A year later, in 1842, Melbourne Town, as it was then known, was thought of as a field of operations for the future efforts of the company. This was decided upon on July 30, 1842;but on the following day the board thought better of their decision, and came to the conclusion that, "as at this time of the year it would be dangerous,' as well as unprofitable, to send the Shamrock south, she be continued on the Moreton Bay run for the present." In the following year, under more favourable conditions, this "pioneer" steamer carried the A.S.N. Company's flag into Hobson's Bay. Twofold Bay, Melbourne Town, and Launceston were then the three ports of call.

The big slip at the "island" on which we see a vessel up for repairs was opened in 1855. It was in this same year that, owing to the P. and O. Company abandoning the existing mail contract, the company proposed to the Sydney and Melbourne Chambers of Commerce to carry out the service to Singapore with the Wonga Wonga and City of Sydney.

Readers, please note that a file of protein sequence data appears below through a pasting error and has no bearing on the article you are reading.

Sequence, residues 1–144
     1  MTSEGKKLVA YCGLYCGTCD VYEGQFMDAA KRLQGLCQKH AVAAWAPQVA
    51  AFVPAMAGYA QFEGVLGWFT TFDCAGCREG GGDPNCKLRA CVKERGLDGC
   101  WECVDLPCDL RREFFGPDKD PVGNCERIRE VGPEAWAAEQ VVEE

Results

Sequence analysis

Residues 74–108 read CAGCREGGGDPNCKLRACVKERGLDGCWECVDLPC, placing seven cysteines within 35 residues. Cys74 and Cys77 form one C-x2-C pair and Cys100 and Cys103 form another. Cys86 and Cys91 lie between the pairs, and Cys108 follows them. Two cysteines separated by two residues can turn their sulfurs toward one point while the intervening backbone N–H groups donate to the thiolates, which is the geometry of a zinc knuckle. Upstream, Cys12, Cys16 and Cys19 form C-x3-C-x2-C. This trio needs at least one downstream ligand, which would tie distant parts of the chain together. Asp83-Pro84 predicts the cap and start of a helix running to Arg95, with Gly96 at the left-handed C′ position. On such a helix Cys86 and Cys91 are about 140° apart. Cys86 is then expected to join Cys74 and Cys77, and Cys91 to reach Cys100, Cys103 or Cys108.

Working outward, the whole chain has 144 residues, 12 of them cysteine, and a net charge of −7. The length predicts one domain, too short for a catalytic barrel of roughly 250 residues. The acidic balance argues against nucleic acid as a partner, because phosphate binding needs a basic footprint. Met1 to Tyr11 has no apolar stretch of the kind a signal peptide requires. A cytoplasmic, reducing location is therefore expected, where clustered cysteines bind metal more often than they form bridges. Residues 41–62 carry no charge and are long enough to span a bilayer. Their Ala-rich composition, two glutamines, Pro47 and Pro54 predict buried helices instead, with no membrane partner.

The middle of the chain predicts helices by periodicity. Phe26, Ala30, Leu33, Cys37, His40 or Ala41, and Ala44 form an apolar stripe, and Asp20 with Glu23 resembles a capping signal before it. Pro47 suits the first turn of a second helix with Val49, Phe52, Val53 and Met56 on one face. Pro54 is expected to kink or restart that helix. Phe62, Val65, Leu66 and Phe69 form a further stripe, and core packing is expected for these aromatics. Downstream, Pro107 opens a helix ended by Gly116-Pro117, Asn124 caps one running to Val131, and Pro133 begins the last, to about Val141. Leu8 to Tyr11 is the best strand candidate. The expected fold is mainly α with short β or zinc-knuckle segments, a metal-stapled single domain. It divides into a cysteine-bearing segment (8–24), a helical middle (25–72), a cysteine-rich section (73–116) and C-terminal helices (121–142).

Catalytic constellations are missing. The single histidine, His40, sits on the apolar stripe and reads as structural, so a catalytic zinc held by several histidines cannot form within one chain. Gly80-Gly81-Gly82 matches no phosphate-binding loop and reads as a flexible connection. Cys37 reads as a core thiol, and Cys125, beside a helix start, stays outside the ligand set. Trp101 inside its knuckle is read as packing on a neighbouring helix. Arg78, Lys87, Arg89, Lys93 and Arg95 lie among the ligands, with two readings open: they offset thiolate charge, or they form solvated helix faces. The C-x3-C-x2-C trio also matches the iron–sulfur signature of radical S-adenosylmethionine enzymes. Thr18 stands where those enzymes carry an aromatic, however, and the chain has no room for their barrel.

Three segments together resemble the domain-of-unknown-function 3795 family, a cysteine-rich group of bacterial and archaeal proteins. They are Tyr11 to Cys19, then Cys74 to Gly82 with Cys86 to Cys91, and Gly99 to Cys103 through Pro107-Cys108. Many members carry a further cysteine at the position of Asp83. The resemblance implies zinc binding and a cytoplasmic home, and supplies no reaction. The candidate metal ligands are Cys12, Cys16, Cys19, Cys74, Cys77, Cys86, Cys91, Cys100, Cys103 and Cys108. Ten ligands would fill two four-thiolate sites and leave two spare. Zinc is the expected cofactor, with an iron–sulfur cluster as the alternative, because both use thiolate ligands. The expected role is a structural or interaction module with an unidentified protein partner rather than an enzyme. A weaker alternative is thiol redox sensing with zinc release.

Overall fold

In 1855 the fleet consisted of the following ships:-City of Sydney, Wonga Wonga, Telegraph, Governor-General, Boomerang, Yarra Yarra, Waratah, Shamrock, Illalong, Collaroy, Thistle, Tamar, Ballarat, Samson, Eagle, Rose, Ben Bolt, Brisbane, and City of Melbourne.

For several years after 1855 dividends of 10 percent, were declared. When times1 were exceptionally good an extra bonus of 5B was given.

Seven years after the establishment of the Pyrmont works the Ballarat, the first vessel built by though company for their own use, was launched, that would be In 1853. In after years many others were laid down and finished In those busy yards. During 1862 the Yaamba and two riverboats were completed and sent to do the business of the company in Queensland.

The A.S.N. Company's works have the honour of constructing the first colonial-built man-of-war. Of what she was like we can find no record. "A gunboat for the New Zealand Government was built, and launched during the month of July, 1863." The Leichhardt followed next, getting into her element some time in 1864.